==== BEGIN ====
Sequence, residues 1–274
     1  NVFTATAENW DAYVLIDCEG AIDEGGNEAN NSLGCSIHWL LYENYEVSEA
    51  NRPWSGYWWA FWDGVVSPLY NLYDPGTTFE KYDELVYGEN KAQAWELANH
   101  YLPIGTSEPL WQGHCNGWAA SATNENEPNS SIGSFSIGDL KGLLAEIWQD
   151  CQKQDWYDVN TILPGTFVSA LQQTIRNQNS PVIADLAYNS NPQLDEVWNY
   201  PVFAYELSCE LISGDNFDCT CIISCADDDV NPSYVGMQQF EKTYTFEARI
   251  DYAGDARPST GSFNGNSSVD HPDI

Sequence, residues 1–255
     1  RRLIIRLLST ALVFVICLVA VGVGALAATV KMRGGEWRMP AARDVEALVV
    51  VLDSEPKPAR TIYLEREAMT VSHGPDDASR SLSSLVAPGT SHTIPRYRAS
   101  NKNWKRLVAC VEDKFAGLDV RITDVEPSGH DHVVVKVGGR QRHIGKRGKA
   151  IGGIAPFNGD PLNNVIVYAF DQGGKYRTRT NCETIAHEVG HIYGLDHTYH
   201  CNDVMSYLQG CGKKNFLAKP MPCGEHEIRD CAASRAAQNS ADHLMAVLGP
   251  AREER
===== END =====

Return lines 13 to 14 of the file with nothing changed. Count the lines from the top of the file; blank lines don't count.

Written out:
   201  CNDVMSYLQG CGKKNFLAKP MPCGEHEIRD CAASRAAQNS ADHLMAVLGP
   251  AREER